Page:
July 19th, 2017 9:42am
So, you want to go to Havasupai and see the falls? You’re not alone. In fact, there are, literally, thousands of people that feel like you do. Havasupai is one of those magical places that deserves to be on your bucket list.
The challenge is that Havasupai isn’t as accessible as one might hope. Not only is it a long, steep and dry hike, but the permit system is a pain in the pooper to deal with. But once you’re down there, relaxing in the blue-green waters, it’ll all seem worth it.
So, without further ado, here’s everything you need to know about how to “do” Havasupai.
Before you even begin this odyssey you should know that it’s about a 5-hour drive from Phoenix and Vegas and about 3-hours from Flagstaff. You’ll want to plan a day of travel just to get to the trailhead. Many people camp at the trailhead so you won’t be alone.
So how long is the hike to havasu falls?
You’ll need to be able to hike about 10 miles, one way, then another 10 miles the other way. Not only that, but this is a classic Grand Canyon-type hike...straight down, and straight up. Yes, it’s steep, but it’s long! You may have heard that there is a helicopter that’ll fly you out. Yes, that’s true...but it’s very unreliable. The helicopter’s first priority is to shuttle tribal members in/out of the canyon; their second priority is to shuttle supplies and mail. If, at any time, a tribal member wants a ride, they can “get to the chopper now”. In short, don’t be surprised when you get bumped, and during peak season, be prepared to get bumped until the following day. I’m not kidding.
The bottom line is that you’re going to have to hike in AND out.
The next thing you should be ready for is that the permit system is about as efficient as a one-legged man in an ass-kicking contest. Be prepared to spend a disproportionate amount of time just trying to reach them, let alone getting the dates you were hoping for. Oh, typing about dates - be flexible...very flexible. DO NOT make any other plans regarding this trip until you have your permits. Seriously.
I’ll post the phone number to the permit office at the bottom of this blog. They used to have an online system, but due to the demand, it crashed and stayed crashed. So your only option is via phone.
If you’re thinking of doing some kind of epic day-hike in and out forget it. First, because it’s not permitted. The tribe doesn’t allow for day-hiking. Second, is because it’s a 20-mile round-trip hike with a shit-ton of elevation loss/gain. Speaking of strenuous...we suggest that you plan for 2+ days down in the canyon. The hike in is going to take it’s toll; you’re going to want time to relax instead of having to hike out the next day. Also, there is a lot to see down there. Don’t rush it.
Next is the questions of where you’re going to stay and how to make a reservation There is a campground and a lodge in the village of Supai.
The campground is located within a 5-minute walk of the beautiful 100-foot Havasu Falls, about 2 miles downhill from the Village of Supai. In between the Village and the campground there are two other waterfalls. The campground is about ¾ of a mile long and spots are not defined and are available on a first come, first served basis. There are many wonderful spots to choose from throughout the campground. Lastly, there are no campfires allowed in the campground.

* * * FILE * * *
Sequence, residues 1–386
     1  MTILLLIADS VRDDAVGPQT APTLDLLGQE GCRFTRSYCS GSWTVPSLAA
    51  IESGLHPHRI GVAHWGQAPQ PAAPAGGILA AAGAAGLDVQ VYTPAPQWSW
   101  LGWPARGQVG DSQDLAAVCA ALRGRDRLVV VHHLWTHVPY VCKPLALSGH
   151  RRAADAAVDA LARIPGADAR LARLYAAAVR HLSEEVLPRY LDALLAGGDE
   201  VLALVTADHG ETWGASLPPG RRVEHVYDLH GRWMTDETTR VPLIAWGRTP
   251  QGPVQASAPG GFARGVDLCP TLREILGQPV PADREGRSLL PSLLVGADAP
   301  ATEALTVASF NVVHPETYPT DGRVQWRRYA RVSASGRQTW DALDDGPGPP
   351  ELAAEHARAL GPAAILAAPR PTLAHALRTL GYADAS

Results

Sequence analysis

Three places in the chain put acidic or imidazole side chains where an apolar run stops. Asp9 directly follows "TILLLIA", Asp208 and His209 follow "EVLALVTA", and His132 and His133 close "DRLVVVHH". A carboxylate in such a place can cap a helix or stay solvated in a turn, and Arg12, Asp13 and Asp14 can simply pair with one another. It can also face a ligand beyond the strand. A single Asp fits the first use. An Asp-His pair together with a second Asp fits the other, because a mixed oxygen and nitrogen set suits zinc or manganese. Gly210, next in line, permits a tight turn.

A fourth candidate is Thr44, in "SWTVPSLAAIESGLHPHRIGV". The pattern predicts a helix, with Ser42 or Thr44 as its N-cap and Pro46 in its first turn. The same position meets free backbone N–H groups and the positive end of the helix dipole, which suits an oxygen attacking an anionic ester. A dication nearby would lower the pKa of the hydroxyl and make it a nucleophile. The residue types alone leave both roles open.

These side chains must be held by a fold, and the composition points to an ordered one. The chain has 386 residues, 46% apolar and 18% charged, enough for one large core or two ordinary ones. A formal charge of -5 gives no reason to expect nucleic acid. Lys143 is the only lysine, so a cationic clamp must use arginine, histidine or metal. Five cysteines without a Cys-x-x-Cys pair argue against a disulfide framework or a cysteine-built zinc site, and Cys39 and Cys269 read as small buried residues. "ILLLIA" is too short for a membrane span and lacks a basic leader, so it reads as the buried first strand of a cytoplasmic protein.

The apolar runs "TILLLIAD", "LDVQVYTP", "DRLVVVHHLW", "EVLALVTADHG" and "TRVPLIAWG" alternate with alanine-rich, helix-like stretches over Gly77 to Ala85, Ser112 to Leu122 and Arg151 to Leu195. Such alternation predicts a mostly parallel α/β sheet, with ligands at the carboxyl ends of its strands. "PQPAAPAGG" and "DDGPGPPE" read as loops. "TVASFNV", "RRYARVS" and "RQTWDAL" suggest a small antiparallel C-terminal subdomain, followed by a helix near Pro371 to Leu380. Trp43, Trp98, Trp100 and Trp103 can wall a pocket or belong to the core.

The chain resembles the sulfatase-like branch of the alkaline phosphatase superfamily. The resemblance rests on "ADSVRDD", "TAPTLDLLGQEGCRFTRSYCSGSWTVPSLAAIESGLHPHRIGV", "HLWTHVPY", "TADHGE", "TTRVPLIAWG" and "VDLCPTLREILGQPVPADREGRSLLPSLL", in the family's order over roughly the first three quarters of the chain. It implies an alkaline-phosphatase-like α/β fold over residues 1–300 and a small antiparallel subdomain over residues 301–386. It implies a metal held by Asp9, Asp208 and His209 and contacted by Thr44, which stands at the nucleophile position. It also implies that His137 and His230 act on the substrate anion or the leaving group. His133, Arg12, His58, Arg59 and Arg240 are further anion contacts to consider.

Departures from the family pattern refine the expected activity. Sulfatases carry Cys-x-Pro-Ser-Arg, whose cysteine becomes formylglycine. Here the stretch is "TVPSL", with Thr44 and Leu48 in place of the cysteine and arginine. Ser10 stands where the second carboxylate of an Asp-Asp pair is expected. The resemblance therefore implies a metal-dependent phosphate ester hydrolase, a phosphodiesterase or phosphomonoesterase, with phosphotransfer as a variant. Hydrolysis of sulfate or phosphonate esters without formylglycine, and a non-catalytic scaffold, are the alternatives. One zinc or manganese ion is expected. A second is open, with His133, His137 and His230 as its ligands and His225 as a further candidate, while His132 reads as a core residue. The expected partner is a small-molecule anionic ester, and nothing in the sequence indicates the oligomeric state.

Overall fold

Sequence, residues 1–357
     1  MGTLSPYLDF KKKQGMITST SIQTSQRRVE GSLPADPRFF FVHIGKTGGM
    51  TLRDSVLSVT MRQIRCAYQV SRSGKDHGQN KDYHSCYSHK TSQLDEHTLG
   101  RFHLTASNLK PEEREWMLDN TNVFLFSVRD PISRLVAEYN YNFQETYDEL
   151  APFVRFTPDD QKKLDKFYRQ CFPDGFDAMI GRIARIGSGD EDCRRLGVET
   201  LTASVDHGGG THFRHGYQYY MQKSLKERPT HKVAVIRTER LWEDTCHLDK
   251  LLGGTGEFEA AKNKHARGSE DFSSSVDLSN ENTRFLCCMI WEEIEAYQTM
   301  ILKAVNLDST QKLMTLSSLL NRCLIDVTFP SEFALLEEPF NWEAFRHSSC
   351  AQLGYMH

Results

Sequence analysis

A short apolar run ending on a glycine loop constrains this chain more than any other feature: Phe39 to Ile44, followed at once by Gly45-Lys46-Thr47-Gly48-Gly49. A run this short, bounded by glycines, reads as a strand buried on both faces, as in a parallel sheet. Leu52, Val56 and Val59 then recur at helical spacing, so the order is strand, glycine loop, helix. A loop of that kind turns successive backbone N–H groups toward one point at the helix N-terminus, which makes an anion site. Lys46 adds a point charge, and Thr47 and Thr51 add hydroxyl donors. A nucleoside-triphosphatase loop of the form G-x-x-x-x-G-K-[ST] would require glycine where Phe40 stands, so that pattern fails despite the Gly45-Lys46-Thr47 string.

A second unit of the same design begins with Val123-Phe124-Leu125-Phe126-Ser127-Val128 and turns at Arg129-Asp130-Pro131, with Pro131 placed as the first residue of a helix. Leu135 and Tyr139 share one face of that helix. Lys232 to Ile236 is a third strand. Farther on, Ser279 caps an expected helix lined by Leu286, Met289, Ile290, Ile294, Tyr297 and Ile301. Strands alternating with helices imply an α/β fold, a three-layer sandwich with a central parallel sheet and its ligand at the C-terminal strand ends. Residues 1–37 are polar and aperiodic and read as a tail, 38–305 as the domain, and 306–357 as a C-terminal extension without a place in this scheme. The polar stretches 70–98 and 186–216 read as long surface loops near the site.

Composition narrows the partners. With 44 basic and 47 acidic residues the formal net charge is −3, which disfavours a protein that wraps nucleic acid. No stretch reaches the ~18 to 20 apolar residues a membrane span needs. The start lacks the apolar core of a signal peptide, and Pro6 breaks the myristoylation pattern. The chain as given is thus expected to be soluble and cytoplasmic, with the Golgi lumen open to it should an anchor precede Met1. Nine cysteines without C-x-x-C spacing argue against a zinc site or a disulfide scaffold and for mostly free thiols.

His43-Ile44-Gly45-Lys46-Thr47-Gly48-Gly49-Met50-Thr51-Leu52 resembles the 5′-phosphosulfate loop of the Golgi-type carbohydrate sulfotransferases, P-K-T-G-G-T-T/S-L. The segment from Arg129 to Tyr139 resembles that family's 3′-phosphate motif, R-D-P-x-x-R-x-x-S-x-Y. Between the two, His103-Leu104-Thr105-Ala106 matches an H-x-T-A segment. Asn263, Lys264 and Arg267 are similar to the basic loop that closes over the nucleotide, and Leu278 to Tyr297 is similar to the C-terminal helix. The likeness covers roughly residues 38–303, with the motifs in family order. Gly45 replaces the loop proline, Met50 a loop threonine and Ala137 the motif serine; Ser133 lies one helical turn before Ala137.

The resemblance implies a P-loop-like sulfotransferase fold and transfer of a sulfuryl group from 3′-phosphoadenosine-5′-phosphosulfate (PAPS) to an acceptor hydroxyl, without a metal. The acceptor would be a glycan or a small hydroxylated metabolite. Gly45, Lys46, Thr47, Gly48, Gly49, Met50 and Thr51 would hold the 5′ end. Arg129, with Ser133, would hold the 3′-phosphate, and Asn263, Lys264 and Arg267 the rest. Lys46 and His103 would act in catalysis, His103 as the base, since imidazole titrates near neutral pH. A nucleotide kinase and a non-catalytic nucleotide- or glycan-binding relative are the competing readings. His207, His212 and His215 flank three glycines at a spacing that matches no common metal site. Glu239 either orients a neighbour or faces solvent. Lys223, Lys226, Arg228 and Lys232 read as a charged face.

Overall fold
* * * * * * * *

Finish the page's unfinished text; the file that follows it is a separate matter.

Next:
Before I discuss the lodge, here are a few tips on how to pick the best camp spot.
The lodge is very basic There is no kitchen or food provided at the lodge. You’ll need to come prepared to provide all your own meals. You can get food from the Supai Café (burger, fries, hot dogs, fry bread, tacos, sodas, etc) or from the Supai grocery store, located in the village. Hours can occasionally be unpredictable at both the cafe and the store. Due to the remote location of the village, the prices are quite expensive.
So, by now you’re probably thinking that the logistics are a bit much to bear. In truth I think it is, but once you DO finally score your permits then the place is worth it. It really is. There is an easier way though. You can let us do all of the legwork and just enjoy the trip. We can even arrange for a pack horse to carry your gear. Heck, you won’t even have to worry about the food...we’ll even cook the meals and clean the dishes.
Prefer to rough it a bit more? Maybe a full-blown backpacking trip suits you.
Regardless, here’s what you’re going to see...
Havasu Falls is the most well known of the Havasupai waterfalls. It is 100 feet tall and cascades into a crystal blue-green pool just a 5-minute walk from the Havasupai Campground and about 2 miles from the Village of Supai. Picnic benches dot the dirt-and-rock shore while cottonwood trees shade several smaller waterfalls below the picturesque landmark. Havasu Falls used to be called Bridal Veil Falls in the late 19th century when its flow stretched horizontally across the entire cliff of travertine you see today. Havasu Falls is the visitor's’ favorite and most crowded due to its close proximity to the campgrounds and ample space for lounging, sunbathing and swimming.